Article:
New Delhi: Bijaya Kumar Sanseth, one of the seven convicted in the murder case of Swami Laxmanananda Saraswati, the incident that is seen as precipitating the 2008 Kandhmal anti-Christian riots, was released on bail on July 27 after spending almost 11 years in prison.
He is the second person among the convicted persons to be released on bail. On May 21, the Supreme Court granted Gornath Chalanseth bail on grounds that the Odisha high court kept deferring their bail appeals for more than two years, the last one in December 2018.
The apex court used the same logic to grant Sanseth relief in the case.
The seven accused – all Chiristians – have been serving sentences of life imprisonment after a fast track court in Odisha convicted them in October 2013. All were arrested soon after the riots in 2008.
Since then, activist groups have been protesting against the court’s ruling, as they believed that they were falsely implicated in the case.
In September 2018, journalist Anto Akkara told The Wire that all the seven were convicted despite flimsy evidence against them. Akkara has written the book Who Killed Swami Laxmanananda, in which he argues the “Christian conspiracy” against Saraswati that the Hindu right-wing and the Odisha police sought to peddle in the murder case lacked any substantial proof.
The fast track court had accepted the “Christian conspiracy” hypothesis on the basis of Saraswati’s quote in a documentary The Agony of Kandhmal, produced by the centre-right trust India Foundation. “The actual intention of the Europe, US, the Pope and Sonia Gandhi was to convert the entire region into the independent Christian land. God has sent me from Himalaya and it was stalled. That is why their campaign was to drive away swamiji and create a Christian land. As long as I am alive I shall not let you do that (sic),” Swami Saraswati is seen as saying in the documentary.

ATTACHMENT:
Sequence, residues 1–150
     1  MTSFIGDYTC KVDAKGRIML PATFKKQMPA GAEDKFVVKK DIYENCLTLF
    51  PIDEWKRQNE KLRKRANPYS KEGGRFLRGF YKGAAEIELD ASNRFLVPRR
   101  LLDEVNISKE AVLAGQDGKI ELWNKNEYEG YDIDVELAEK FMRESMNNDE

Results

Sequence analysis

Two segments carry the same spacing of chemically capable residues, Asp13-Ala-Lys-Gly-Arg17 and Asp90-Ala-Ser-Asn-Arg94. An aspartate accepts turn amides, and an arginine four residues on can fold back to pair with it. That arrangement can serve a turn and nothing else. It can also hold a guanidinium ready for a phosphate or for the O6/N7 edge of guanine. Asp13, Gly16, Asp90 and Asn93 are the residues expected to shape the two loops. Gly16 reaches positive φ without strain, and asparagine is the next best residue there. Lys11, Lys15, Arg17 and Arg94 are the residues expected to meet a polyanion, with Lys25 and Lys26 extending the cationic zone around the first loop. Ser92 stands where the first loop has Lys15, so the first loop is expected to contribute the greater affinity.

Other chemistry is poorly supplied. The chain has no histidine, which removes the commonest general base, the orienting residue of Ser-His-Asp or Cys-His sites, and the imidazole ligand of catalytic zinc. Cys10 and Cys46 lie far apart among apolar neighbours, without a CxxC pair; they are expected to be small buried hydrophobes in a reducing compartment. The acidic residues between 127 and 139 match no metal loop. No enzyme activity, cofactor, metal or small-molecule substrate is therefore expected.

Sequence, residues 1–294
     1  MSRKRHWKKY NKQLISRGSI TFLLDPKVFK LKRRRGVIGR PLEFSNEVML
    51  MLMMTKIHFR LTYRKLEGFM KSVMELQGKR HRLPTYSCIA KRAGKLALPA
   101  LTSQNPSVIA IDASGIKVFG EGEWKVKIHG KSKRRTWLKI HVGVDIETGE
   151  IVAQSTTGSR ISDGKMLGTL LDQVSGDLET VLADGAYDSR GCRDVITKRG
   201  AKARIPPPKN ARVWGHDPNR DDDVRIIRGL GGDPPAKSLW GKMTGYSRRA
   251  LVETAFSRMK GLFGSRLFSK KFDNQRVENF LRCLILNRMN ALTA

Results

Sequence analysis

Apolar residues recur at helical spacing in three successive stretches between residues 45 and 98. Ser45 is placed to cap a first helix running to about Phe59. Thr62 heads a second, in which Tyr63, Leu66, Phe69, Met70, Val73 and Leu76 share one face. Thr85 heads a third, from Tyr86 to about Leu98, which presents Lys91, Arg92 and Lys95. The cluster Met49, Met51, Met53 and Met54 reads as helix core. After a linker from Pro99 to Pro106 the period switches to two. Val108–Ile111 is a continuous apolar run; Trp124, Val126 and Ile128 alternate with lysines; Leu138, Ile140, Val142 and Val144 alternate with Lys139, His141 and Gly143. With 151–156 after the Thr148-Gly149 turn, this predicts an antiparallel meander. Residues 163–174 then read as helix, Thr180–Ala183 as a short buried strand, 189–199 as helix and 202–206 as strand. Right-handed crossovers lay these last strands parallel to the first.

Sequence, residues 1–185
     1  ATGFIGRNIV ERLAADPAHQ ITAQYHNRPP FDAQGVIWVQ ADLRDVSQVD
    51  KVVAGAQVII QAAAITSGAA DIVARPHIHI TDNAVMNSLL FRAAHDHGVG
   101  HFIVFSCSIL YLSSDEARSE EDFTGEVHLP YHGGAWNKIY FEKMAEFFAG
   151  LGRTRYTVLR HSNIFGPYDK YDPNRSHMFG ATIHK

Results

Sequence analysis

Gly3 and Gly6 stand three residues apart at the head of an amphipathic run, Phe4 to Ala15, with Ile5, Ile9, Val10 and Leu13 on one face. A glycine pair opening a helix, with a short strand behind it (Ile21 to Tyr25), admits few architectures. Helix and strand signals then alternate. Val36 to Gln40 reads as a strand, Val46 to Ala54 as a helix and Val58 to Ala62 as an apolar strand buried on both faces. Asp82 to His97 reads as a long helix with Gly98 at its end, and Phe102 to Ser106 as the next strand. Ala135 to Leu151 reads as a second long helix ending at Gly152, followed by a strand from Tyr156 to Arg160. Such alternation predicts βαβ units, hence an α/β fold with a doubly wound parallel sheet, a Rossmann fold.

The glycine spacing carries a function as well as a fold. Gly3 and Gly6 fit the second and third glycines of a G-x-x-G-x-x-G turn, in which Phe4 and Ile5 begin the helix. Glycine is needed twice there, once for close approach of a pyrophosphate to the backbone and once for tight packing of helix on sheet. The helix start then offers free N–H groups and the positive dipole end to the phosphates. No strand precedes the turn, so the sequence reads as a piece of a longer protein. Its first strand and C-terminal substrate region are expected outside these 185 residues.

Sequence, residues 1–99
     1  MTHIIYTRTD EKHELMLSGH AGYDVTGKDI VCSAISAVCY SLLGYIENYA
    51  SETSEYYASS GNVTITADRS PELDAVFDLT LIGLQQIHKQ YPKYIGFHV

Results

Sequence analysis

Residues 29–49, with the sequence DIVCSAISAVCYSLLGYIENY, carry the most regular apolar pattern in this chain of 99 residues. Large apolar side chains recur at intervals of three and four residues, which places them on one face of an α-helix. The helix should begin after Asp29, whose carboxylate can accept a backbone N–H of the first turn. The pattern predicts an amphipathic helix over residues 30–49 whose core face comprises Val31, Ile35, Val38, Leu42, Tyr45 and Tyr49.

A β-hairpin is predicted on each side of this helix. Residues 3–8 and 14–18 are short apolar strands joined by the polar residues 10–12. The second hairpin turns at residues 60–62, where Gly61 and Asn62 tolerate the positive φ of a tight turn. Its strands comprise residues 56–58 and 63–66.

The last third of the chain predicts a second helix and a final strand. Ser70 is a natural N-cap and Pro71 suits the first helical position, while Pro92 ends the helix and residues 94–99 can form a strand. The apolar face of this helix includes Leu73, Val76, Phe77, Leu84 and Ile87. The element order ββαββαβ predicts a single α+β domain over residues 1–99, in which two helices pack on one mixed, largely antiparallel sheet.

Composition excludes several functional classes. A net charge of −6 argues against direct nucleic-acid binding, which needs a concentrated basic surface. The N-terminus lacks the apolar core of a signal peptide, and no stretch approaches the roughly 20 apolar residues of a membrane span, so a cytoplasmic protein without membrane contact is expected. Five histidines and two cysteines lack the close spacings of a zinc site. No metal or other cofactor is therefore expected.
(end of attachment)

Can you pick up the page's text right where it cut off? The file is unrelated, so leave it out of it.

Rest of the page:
Irrespective of what the right-leaning documentary shows, the police action in the case, Akkara argues, also left much to doubt. Akkara says that Saraswati’s bodyguard was conspicuously missing the night he was killed, and that even the police guards fled the scene when they saw the assailants approaching his ashram.
Akkara says that the police arrested four Chistians, including one 13-year-old boy, initially. All of them were brought to the police station by workers of the Vishwa Hindu Parishad in the area. VHP leader Praveen Togadia even went on to announce their names as those who killed Saraswati.
However, upon finding no evidence against them, they were released. They had been detained for 40 days.
Seven convicted picked up
It was then the police picked up the seven who were convicted eventually. Akkara and other activists claim that all the seven were randomly picked up from the Kotagarh jungle in two batches without a shred of evidence.
As the trial continued, judge Biranchi N. Mishra of the fast track court, who conducted the hearings for two years, was transferred days ahead of the final ruling in October 2013. All seven accused were sentenced to life imprisonment.
Akkara claims that the Justice Naidu Commission Inquiry report in the matter has stated that the “much trumpeted Christian conspiracy” theory was “baseless”, but it was never released by the Odisha government.
“As they appealed in the high court for bail, the matter kept getting deferred in the courts. So, we moved the Supreme Court against the Odisha high court’s failure to take up the matter of their bail,” Dibakar Parichha, defence lawyer for the accused, told The Wire.
While the bail application of Gornath had been moved by the Alliance Defending Freedom (India), the bail application of Bijay was moved by the legal wing of the Cuttack-Bhubaneswar Archdiocese.
Akkara, too, said that their appeal at the Supreme Court was against the rejection of bail application of the seven people. “The Supreme Court felt that Bijaya and Gornath should be given bail as they have already served ten years of their imprisonment. Hopefully, the other five will get bail soon,” he said, adding that he will intensify his campaign to get all of them released as he firmly believed that all of them were innocents.
The bail applications of the remaining five – Bhaskar Sunamajhi, Buddhadev Nayak, Durjo Sunamajhi, Sanatan Badamajhi and Munda Badamajhi (allegedly mentally-ill) – are pending in the Supreme Court.
The appeal against the conviction of all the seven has been pending in the Odisha high court for over five years.
In the riots that followed the murder of Saraswati, nearly 100 Christians were killed and 300 churches and 6,000 houses plundered in a spate of violence that rendered nearly 56,000 homeless.